So remember, even if you ain’t got time to bleed, in the Video Vault no-one can hear you scream…
And so we delve into the dubious crossover arena – Whoever wins – Steven Neish loses…
What do the words ‘A Paul W. S. Anderson film’ mean to you?
Call me easily pleased but I’ve always enjoyed the director’s Resident Evil franchise. While this dubious declaration might suggest I enjoyed his Alien vs. Predator movie, I must first acknowledge that the Paul W. S. Anderson directed first and fourth instalments of Resident Evil are the two I had the hardest time enjoying. Also a videogame adaptation, AvP shares more than just its source material with the Milla Jovovich vehicle, it also shares many of Anderson’s directorial strengths and weaknesses.
Ever since the alien skull was first teased at the end of Predator 2, a small part of me has been awaiting this movie with bated breath. Trapped in development hell for years, Anderson finally brought it to cinemas – complete with a number of story elements straight from the 1989 comic that started it all. Arriving in 2004, Alien vs. Predator pits alien against Alien for the first time on the big screen.
The movie runs on the premise that Predators (or Predatoids as Anderson dubs them) have been visiting Earth for centuries; using a frozen Alien queen, a labyrinthine pyramid – straight out of The Mummy – and sacrificial human subjects to train fledgeling hunters. When his interests are sparked by anomalous heat signals, Charles Bishop Weyland puts together an expedition to an abandoned whaling station that just happens to share an Antarctic island with said extra-terrestrial hotspot.
Accompanying Weyland (a game Lance Henriksen reprises his role of Bishop, retrofitting character quirks from his android legacy) on his expedition are mountain climbing (A)lex Wood, snap-happy Graeme Miller and archaeologist Sebastian De Rosa. Separated from their comrades by some clockwork wall reconfigurement, the team are caught in the middle of a ritualistic skirmish – one made possible by some incongruous tampering with established continuity that sees the xenemorph gestation period shrink from days to mere minutes.
To show that I’m serious about giving this crossover a fair hearing I am willing to look past the infantile script, excellerated incubation periods and even the bumbling Scottish ‘comic’ relief. For all its flaws, I still paid to see Alien vs. Predator and I did not leave the cinema completely unentertained.
Tied into the Alien mythology through the involvement of Henriksen, and expanding both franchises with a mid feature flashback that is genuinely impressive, Alien vs. Predator does have its share of redeeming features. Among the positives are a few very nice franchise touches. The cryogenically frozen alien queen for example, and her subsequent surface level T-Rex attack – straight out of Jurassic Park, momentarily have the pulse pounding and the jaw dropped.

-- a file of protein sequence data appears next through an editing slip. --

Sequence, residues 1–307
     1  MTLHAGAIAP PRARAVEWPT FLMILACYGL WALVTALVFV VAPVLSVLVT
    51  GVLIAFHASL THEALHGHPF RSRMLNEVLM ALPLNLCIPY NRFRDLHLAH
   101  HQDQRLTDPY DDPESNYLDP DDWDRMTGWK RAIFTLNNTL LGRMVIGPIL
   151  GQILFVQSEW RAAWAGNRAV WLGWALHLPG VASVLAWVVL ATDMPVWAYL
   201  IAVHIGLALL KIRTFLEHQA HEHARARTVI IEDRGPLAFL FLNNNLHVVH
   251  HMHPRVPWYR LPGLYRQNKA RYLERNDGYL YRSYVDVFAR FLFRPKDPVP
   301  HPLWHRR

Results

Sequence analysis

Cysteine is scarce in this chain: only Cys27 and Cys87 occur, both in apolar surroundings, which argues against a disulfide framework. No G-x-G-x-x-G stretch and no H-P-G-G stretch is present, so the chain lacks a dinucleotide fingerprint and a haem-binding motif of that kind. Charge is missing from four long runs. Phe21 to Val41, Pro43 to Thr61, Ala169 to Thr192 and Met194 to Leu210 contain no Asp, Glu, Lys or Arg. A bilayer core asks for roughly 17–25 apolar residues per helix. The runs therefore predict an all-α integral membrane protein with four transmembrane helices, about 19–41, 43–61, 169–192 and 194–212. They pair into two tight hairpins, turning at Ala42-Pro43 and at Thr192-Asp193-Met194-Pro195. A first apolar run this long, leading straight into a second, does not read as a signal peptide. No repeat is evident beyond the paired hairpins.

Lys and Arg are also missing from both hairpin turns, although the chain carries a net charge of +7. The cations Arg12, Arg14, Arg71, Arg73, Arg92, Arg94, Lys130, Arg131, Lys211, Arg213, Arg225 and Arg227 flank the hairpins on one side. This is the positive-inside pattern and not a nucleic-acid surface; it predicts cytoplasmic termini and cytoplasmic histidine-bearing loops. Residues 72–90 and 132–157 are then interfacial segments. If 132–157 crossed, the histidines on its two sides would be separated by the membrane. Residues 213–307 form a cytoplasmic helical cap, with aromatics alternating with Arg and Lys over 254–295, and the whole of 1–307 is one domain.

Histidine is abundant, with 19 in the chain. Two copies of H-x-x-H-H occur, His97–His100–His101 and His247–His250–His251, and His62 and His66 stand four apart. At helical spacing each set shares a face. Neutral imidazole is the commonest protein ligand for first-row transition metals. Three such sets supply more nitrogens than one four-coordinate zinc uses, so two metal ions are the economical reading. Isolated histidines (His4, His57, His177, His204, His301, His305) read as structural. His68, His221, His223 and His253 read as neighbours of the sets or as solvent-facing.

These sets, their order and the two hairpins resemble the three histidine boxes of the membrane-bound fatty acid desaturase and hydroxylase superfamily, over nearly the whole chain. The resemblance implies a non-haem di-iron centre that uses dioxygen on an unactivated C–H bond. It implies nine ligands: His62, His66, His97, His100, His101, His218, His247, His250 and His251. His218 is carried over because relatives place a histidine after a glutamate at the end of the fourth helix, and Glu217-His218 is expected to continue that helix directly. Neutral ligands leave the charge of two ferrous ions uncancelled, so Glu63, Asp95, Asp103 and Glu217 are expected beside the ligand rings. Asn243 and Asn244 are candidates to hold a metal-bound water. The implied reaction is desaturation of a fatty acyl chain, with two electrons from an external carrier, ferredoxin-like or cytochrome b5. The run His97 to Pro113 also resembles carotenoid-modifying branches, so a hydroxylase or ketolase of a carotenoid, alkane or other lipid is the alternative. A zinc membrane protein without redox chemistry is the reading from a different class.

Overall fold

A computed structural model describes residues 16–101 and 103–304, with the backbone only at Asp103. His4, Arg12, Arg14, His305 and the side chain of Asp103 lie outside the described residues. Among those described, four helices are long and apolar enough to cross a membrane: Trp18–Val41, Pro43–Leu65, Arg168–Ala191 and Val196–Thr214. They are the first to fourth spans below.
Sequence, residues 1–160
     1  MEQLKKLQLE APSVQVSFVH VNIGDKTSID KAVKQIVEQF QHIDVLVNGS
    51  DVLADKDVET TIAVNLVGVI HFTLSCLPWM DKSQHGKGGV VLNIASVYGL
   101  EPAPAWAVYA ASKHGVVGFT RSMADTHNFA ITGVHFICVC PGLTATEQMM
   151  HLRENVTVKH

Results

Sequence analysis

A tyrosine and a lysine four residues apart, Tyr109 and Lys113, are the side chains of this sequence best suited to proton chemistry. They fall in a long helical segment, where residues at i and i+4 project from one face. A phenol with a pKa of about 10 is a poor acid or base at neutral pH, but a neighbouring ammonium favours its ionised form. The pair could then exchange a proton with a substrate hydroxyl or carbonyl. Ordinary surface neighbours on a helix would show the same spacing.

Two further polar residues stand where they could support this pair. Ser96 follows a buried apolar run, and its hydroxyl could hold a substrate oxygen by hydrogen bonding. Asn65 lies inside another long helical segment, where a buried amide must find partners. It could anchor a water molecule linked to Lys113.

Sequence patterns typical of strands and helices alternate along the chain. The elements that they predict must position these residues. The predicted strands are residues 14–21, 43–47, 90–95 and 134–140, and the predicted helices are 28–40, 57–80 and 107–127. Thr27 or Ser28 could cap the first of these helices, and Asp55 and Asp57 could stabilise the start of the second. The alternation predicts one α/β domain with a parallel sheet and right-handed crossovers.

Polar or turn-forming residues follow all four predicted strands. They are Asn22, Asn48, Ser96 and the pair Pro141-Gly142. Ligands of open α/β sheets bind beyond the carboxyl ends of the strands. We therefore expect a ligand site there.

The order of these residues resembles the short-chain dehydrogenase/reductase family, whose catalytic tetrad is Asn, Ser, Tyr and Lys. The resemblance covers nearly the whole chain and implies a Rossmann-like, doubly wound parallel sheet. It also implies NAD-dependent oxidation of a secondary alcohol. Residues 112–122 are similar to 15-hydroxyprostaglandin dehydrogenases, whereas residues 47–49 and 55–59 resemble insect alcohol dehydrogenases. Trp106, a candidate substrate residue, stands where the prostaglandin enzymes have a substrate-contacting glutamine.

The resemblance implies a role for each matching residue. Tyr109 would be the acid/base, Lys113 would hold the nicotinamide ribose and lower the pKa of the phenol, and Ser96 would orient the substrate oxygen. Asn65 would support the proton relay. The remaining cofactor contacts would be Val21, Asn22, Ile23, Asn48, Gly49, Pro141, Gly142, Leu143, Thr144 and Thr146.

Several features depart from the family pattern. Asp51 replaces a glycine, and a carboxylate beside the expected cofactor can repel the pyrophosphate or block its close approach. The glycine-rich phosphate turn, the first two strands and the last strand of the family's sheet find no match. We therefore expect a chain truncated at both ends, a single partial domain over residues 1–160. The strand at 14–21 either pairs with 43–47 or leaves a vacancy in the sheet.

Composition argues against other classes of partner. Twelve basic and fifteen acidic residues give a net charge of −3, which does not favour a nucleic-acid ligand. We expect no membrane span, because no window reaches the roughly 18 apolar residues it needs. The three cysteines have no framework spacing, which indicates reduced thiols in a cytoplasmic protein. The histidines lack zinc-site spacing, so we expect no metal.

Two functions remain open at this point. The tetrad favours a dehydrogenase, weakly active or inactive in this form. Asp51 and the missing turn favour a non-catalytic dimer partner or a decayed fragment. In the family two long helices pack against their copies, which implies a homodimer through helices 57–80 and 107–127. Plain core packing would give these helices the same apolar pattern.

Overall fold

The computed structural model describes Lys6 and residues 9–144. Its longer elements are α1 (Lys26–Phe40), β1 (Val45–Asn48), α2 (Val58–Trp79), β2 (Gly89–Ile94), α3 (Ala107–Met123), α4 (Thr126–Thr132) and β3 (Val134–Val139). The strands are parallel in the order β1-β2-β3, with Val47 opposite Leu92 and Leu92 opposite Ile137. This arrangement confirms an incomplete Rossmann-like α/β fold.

Furthermore, Miller’s short term victory against one face hugger – only for the camera to pull away and reveal a room-full – adds a nice touch of intentional humour to a film so plagued by laughter of the unattentional variety. Even the Predator’s tried and tested method of killing facehuggers – a small moment, I grant you – just adds an extra dimension to film which, as its sequel proved, could have been so throw-away.
What is so infuriating about Alien v. Predator is that it is just so…so…child friendly. For a franchise steeped in sexual symbolism and the male fear of pregnancy – and another so tied to gruesome trophy hunting – this crossover is distinctly lacking in adult content. Faced with aliens, imminent death and an incomprehensible Rubik’s pyramaid, it is jarring that nobody swears and nobody really bleeds – red that is. While this one limitation – and this one limitation alone – will be rectified in the sequel, we are left with a film that utilises subtlety in all of the wrong places – the creatures are desensitised to viewers through their overuse while the word ‘bitch’ stands awkwardly as the films worst language.
Also jarring is the poorly implemented mix of CGI and puppery. While either could have done a perfectly acceptable job, some of the computer generated scenes actually prove feature highlights, the rampant fluctuations from animatronics to special effects draw too much attention. When animated the aliens looks sleek and fast, proving that they can still be scary creations even when not steeped in darkness; when the xenemorphs are clearly just men in suits, however, any threat is lost and with no stakes the fight sequences hold little interest for audiences.
Ultimately, the film – which is undoubtedly a neutered and inferior addition to the two franchises that came before – manages to wriggle its way out of obsolescence with some nice additions to the extant mythology and a sense of fun and cool that keeps bums on seats while the men in suits thump each other onscreen. For what it is – a comic-book/video-game wouldn’t-it-be-cool adaptation – however, Alien vs. Predator certainly gets the job done. While too shallow for an Alien film and too watered-down for a Predator film, Alien vs. Predator is nevertheless the best AvP film you are ever likely to see.
So, what do the words ‘A Paul W. S. Anderson film’ mean to you? To me, the declaration promises a videogame adaptation that squanders exemplary source material in favour of cheap thrills and the biggest demographic; that critics and fans will uniformly deride it; and that at some point in the narrative there will be a holographic underground pyramid.
Like Resident Evil, however, Aliens vs. Predator somehow overcomes its many flaws to grant it watchability and a welcome place on my list of guilty pleasures.